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Wednesday, July 19, 2006

On McGinn's response to Hookway's "Affective States and Epistemic Immediacy"

I’d like to advance a certain take on the essay debate between Christopher Hookway and Marie McGinn (who commented on Hookway’s “Affective States and Epistemic Immediacy” printed in “Moral and Epistemic Virtues,” eds. Brady and Pritchard, 2002), which is as follows: McGinn’s charge that Hookway is begging the question against the skeptic in his attempted refutation of skepticism makes sense only if Hookway claimed to refute the skeptic, which he did not (I’ll attempt to show).

Hookway’s Argument (in “Affective States and Epistemic Immediacy”) proceeds something like this:

Initial presuppositions:

1. Ethics and epistemology share a common concern with evaluation, an enterprise with underlying issues whose similarity is such that an evaluative epistemic project could gain from attending to its evaluative ethical parallels.
2. Such gains (for evaluative projects in epistemology) include: (a) attaching (as most ethical theories do) importance to affective states (i.e. emotions); (b) Emphasizing the role of virtue in epistemology beyond the scope of self-proclaimed “virtue” theories.

Hookway’s Argument: (Which is an attempt to defend and clarify the second of these initial presuppositions) goes “loosely” like this:

P1. (Something like) Quine’s theory of induction is plausible/correct. This position characterizes the phenomenon of inference (which leads to our acceptance of propositions) as possessing a kind of “immediacy”; on this view, the evidential relations on which we depend aren’t available to reflection, but the “goodness” of the inferences (which lead us to accept propositions) are “felt”, and hence, “the vehicle in our confidence of inference is affective.”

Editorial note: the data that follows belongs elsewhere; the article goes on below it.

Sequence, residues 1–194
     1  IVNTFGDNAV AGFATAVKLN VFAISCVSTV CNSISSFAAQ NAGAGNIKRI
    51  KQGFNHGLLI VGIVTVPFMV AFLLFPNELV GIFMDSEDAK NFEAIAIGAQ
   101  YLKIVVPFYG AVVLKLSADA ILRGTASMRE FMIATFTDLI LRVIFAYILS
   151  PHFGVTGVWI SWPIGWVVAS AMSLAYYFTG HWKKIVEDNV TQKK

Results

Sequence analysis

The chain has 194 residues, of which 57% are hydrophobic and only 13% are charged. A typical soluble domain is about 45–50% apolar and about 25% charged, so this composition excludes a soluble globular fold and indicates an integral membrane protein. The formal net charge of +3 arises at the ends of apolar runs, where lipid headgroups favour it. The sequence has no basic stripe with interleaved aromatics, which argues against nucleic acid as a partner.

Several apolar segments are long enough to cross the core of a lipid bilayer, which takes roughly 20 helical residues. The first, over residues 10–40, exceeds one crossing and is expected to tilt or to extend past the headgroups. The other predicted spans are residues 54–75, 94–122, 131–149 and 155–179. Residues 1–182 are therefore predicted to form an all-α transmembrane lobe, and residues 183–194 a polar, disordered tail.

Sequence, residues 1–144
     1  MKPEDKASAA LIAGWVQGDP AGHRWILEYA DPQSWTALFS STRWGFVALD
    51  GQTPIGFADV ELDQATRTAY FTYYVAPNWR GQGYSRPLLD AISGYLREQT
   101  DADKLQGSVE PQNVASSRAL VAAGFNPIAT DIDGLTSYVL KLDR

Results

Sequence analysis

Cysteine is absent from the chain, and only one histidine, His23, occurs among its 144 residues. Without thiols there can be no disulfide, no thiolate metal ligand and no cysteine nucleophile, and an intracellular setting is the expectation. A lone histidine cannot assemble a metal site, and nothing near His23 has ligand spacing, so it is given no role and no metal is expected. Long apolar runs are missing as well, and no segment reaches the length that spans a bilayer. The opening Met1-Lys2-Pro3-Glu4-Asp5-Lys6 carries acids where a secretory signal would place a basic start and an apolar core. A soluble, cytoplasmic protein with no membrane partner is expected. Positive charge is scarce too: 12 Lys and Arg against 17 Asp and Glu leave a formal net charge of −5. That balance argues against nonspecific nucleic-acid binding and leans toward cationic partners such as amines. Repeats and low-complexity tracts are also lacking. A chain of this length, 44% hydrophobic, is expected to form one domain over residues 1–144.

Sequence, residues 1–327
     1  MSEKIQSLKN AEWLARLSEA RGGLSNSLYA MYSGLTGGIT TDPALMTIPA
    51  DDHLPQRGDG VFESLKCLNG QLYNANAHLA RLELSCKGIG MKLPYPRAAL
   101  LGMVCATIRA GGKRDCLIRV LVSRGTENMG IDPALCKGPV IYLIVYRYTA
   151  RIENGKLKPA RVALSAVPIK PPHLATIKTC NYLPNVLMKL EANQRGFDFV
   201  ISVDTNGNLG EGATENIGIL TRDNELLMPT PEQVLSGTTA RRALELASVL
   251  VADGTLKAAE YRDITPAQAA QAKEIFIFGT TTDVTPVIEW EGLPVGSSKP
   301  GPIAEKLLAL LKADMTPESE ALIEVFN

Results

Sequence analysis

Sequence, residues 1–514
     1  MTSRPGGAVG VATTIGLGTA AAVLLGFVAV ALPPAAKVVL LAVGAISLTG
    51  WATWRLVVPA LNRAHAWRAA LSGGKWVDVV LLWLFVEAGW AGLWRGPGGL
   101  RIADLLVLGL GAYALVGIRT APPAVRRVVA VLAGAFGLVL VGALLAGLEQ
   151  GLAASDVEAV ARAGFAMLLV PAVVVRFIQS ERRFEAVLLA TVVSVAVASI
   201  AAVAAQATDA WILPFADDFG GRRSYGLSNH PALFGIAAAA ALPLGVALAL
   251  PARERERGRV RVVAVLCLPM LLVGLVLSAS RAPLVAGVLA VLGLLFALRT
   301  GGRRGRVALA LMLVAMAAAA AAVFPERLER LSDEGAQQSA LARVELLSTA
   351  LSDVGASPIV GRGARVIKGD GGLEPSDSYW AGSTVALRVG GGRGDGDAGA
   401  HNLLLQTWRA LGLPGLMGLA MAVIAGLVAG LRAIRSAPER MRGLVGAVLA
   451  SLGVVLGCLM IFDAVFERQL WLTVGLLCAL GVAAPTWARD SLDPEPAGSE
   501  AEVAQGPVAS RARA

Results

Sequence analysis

P2. The best way to accommodate the “immediacy” of our evaluations is by appeal to character traits (i.e. virtues, such as “being observant”), which are simply stable patterns of identifying what is emotionally salient relative to the goal of inquiry (i.e. asking the right questions, etc.)
P3: Making such a move has the feature of paralleling the evaluative project of ethics, which pays (what Hookway appears to consider) appropriate consideration to affective states and virtues, attention lacking in contemporary epistemology’s evaluative endeavor.

It is not my understanding that a central endeavor of Hookway’s is to refute skepticism, even though Hookway does mention some implications the acceptance of his premises would have toward placing his project distinct from anti-skeptical endeavors that are (as Hookway thinks) “over-intellectualized”—by their feature of requiring reflective justification ad infinitum. Hookway’s Quinean appeal distances himself from the over-intellectualized justificatory positions, and he makes this clear on pp. 84 and 85 when pointing out how his position avoids two “troublesome regresses” (the “regress of reasons” and the “regress of justification”) that have led other positions to be hard-pressed to refute the skeptic. That Hookway’s view has this virtue, though, is better understood as a peripheral (and positive, if successful) upshot of adopting his premises, and not at all integral to the conclusion for which I take him to be arguing.